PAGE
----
Truck Drivers Still Under Threat from Calais Migrants

Jeff J Mitchell/Getty Images

Three months after the notorious ‘Jungle’ Calais migrant camp was cleared, there has been a surge in the number of migrants gathering in the area in the hope of illegally entering the UK.

The changing situation has led to the closure of a lorry rest area near the coast due to the number of migrants attempting to break into vehicles parked up in them.

Sanef, the French motorway operator, has confirmed one stop on the A16 and a further three on the A26 will stay closed until at least the end of June, The Times reports.

Last month, at a stop in Steenvoorde on the nearby A25, around a hundred UK-bound Eritrean and Sudanese migrants engaged in a territorial brawl, vying for access to the lorries.

Six people required treatment for their injuries after the battle, but no arrests were made.

Migrants and refugees gather next to a camp at the edge of a forest on March 7, 2017 near to Steenvoorde, northern France. In Steenvoorde, a camp of some sixty migrants had been dismantled on July 11, 2016, and three smugglers have been arrested. A new small camp was then dismantled at the end of November, a month after the dismantling of the “Jungle” of Calais. (PHILIPPE HUGUEN/AFP/Getty)

Last week Natacha Bouchart, the mayor of Calais, also banned the distribution of food to migrants as part of an effort to prevent the establishment of new camps.

The developments could spark fears of a return to the chaos and violence of the summer – when well over 10,000 migrants were housed in the Calais ‘Jungle’.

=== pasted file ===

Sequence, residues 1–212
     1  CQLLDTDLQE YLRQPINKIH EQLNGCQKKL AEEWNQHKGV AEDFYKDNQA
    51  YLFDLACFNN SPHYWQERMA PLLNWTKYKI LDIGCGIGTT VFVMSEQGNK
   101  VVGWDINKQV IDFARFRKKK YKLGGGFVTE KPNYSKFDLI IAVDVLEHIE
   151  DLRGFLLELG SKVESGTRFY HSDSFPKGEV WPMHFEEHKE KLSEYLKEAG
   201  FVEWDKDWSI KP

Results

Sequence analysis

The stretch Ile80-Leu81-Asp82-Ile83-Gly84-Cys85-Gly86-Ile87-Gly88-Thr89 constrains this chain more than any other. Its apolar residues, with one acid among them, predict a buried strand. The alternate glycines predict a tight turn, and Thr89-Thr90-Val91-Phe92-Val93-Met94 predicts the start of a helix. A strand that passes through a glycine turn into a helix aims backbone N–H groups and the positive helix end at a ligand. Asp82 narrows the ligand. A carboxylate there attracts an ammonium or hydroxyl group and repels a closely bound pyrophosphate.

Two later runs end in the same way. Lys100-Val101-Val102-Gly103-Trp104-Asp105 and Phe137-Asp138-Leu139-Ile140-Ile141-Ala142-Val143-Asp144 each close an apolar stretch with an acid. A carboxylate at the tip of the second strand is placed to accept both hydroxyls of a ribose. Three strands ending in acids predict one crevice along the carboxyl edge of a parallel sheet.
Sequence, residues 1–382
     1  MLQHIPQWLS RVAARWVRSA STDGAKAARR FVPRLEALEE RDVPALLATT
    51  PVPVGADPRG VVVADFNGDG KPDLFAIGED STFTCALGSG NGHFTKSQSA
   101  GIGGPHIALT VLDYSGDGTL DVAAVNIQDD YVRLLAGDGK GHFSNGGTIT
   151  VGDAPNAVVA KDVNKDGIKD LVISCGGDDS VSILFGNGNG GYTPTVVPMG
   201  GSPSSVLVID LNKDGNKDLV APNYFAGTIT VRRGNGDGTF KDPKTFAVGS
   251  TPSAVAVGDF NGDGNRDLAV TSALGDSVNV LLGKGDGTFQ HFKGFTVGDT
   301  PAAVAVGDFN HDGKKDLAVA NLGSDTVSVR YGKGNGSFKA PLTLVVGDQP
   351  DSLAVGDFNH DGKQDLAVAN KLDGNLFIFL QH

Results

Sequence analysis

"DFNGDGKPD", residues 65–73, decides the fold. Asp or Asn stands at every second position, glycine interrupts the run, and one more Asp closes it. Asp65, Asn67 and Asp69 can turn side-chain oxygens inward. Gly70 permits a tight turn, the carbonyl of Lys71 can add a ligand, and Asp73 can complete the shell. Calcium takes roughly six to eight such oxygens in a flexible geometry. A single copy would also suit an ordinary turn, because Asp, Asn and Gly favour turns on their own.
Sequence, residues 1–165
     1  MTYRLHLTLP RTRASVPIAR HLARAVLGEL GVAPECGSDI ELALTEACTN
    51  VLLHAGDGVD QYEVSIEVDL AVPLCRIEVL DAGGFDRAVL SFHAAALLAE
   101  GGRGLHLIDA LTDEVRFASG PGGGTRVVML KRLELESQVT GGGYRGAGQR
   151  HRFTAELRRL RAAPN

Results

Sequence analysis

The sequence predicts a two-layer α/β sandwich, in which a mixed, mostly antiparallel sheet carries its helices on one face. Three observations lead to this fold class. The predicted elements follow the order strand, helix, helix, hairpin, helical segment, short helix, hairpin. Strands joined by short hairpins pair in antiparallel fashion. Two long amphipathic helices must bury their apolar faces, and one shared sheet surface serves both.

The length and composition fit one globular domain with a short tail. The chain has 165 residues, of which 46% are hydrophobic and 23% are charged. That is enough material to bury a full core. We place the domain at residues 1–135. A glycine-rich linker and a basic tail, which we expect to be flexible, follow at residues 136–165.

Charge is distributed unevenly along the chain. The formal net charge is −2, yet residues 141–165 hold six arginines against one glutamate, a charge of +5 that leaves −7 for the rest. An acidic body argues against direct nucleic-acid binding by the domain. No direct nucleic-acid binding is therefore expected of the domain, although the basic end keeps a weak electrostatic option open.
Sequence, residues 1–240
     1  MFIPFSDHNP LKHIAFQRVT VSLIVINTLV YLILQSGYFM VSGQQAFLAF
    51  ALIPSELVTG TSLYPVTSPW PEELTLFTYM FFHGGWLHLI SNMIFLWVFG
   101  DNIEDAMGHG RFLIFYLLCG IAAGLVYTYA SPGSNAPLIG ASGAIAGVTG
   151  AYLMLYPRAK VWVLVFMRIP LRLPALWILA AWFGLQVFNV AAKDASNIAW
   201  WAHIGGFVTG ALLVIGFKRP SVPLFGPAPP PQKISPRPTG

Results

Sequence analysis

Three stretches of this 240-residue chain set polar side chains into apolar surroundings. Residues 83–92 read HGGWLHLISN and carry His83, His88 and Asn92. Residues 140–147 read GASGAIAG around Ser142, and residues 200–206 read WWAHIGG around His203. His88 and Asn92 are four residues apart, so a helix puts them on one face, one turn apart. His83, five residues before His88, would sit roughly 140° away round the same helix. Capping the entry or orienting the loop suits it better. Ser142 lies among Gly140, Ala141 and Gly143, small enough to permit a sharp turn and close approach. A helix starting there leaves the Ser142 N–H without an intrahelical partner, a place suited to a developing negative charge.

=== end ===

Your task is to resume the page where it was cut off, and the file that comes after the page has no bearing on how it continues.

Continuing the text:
Burning barricades were set up in the roads, logs thrown from bridges, and drivers attacked in attempts to stop and board to lorries. And ensuing battles between the migrants and police led to huge delays.

Migrants gather for a food distribution as police car is parked nearby on March 3, 2017 in Calais. (PHILIPPE HUGUEN/AFP/Getty)

James Hookham, deputy chief executive of the Freight Transport Association, said the closed rest areas and threats of violence left drives in a difficult position.

“Legally, drivers have no choice but to stop when it’s time to take a break and it’s vital they can park in secure areas where their trucks will be safe”, he said.

“Closing these rest areas means that drivers will be forced to find alternative unsecured stopping points, which could put them at risk of migrants boarding their vehicles, potentially causing damage to their trucks, writing off their loads and leading to heavy fines for their employers.

“Drivers could even be at risk of attack from particularly desperate individuals.”


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